Pattie Lovett-Reid: How coronavirus has turned Canadians from spenders into savers
(AlenaPaulus / iStock)
TORONTO -- We have changed, financially, for the better.
That is a key finding of Credit Karma's recent survey in June 2020, when they asked over 1,000 Canadians if the pandemic was impacting the way they were spending their money.
The response was exactly what I was hoping for. As a financial planner, I have worried about Canadians spending beyond their means over the past decade. However, it appears this pandemic has given at least a third of those surveyed the opportunity to save more now, than they were before the coronavirus.
It won't surprise you that driving the savings success was the inability to go out and spend.
You have to wonder, though, if the trend will continue post-pandemic. While still dealing with physical distancing, it is easy to say you will continue to save and won't succumb to the pressure to spend on social gatherings. It is the stickiness of the trend I will be watching.
And, of course, what about FOMO -- fear of missing out?
I have to believe FOMO is just not going to survive the pandemic and will be replaced with JOMO -- joy of missing out.
Social activities with large groups are not likely to happen widely until at least the pandemic is under control or a vaccine is found. The lack of large gatherings at concerts, travelling and even weddings are going to result in a lot of people saving a lot of money.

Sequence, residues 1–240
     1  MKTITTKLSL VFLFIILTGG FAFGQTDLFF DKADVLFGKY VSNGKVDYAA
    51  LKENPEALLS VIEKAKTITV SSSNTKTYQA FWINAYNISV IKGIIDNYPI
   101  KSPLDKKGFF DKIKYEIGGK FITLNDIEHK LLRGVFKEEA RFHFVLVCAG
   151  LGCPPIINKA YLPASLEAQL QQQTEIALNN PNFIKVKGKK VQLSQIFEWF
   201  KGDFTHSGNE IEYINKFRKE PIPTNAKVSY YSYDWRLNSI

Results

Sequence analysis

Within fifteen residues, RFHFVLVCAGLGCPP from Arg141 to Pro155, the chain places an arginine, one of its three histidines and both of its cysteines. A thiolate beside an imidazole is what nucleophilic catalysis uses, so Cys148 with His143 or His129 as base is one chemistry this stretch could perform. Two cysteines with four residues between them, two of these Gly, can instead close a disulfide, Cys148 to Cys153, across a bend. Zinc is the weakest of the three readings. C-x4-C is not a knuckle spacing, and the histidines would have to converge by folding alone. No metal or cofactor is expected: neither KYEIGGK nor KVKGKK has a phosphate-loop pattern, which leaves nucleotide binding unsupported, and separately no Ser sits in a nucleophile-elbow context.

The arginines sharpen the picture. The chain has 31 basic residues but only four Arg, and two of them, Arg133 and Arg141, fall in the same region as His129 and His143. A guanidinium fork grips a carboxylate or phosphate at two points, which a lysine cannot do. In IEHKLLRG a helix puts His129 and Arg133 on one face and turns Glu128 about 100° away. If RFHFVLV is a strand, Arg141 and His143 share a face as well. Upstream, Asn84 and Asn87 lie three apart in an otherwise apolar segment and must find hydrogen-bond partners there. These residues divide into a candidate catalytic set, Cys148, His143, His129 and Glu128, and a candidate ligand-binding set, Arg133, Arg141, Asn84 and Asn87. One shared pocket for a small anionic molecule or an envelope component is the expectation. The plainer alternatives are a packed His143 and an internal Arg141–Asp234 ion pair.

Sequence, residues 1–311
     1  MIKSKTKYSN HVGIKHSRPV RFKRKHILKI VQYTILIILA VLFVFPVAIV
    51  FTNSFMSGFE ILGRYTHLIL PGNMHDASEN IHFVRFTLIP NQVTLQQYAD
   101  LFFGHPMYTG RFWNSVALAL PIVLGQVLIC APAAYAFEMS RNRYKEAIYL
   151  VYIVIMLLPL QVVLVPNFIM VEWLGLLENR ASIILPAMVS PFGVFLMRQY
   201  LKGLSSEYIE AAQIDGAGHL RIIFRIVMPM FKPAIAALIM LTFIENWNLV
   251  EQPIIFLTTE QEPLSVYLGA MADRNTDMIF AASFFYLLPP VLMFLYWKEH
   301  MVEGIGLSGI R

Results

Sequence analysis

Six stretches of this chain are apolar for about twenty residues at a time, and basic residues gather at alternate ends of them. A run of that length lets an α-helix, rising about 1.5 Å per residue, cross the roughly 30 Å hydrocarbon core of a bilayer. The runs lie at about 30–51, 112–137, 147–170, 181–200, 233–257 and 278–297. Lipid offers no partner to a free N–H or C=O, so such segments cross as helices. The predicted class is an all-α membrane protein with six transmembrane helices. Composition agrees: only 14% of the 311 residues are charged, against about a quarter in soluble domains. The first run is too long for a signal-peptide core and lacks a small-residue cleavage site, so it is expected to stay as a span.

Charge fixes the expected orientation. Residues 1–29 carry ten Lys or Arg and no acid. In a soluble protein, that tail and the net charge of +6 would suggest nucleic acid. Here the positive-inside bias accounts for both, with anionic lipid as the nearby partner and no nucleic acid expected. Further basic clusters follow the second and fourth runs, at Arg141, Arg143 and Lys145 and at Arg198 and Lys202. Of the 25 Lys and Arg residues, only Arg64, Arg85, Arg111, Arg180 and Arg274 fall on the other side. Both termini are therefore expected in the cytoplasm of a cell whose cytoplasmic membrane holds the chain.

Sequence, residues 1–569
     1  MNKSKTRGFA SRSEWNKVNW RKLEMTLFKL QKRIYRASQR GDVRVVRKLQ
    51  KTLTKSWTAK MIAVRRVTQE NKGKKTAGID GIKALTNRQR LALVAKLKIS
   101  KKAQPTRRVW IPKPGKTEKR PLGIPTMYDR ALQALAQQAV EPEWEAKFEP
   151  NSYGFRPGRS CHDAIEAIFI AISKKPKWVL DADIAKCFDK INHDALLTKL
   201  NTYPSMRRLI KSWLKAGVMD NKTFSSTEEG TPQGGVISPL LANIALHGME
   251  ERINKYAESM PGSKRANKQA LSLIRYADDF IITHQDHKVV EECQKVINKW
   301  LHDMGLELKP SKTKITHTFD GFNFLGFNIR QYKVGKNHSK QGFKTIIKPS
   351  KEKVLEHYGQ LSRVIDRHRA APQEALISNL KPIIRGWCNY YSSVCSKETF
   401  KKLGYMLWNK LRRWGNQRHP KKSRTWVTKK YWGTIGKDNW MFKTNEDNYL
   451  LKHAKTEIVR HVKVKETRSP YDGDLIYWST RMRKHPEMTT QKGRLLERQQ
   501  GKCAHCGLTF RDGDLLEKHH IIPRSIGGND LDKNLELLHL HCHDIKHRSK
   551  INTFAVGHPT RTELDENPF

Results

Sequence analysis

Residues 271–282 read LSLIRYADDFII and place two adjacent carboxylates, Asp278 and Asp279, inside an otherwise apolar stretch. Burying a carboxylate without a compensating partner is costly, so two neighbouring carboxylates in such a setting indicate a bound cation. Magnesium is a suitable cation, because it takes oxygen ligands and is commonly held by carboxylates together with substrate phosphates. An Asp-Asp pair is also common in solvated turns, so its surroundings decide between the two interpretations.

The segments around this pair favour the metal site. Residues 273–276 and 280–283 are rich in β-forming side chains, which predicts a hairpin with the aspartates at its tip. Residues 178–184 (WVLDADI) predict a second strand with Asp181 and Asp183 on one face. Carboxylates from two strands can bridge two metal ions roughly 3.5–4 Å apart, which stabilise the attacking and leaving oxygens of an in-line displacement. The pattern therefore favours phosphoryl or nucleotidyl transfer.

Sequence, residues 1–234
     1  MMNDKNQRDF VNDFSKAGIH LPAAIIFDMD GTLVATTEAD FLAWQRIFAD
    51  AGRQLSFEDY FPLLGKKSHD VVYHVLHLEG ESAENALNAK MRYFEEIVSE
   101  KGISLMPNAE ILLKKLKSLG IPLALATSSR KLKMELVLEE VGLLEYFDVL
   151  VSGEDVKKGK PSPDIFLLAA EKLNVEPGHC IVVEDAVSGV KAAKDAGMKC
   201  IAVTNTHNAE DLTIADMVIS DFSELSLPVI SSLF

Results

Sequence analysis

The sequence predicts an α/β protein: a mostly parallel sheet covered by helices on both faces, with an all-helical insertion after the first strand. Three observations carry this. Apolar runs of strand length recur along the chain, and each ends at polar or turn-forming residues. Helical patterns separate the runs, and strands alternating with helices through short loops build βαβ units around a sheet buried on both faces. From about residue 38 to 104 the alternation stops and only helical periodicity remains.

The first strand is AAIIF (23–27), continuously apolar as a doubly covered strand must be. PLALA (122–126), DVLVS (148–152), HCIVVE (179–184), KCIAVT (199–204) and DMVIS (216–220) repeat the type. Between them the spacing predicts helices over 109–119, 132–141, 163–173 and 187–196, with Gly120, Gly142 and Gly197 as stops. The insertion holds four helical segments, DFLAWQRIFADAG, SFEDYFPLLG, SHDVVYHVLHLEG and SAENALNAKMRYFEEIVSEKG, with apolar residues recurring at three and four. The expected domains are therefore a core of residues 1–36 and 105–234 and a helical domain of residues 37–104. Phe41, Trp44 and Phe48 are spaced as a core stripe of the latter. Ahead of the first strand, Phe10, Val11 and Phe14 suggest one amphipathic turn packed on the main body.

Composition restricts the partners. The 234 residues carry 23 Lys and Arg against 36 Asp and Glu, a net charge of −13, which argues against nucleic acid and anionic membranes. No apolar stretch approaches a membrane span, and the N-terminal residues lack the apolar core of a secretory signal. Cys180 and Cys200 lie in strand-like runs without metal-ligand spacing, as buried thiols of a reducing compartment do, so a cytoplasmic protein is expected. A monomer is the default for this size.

Here is where Canadians plan to spend less and by what percentage:
- Experiences like movies, concerts and sporting events (41%)
- Travel (40%)
- Less spending on social events like weddings, birthdays, happy hour, and fitness (38%)
- Shopping for clothes or shoes (34%)
- Transportation costs (29%)
- Subscription services like Amazon Prime, Spotify or Netflix (26%)
- Food, drink including restaurants, groceries, meal delivery and alcohol (25%)
You may find these cost reductions aggressive, however, the fact that a third of Canadians recognize spending patterns of the past weren't sustainable and are more willing to be more selective in their discretionary spending, is a great thing.
As you become more honest with family and friends about your financial situation, it is, in my opinion, a huge leap in the right direction. I'm not naive, there will be financial speed bumps along the way and spending on things you hadn't planned on. However, I'm convinced more Canadians will be financially aware of the financial decisions they will make and take ownership of their actions, even if they deviate from their plan and intentions.
The pandemic started as a health crisis that morphed into an economic crisis and now has become a personal financial crisis for many. As our health and our economy start trending in the right direction, I'm encouraged by reports like this. On the personal level, our financial situation will turn for the better as well.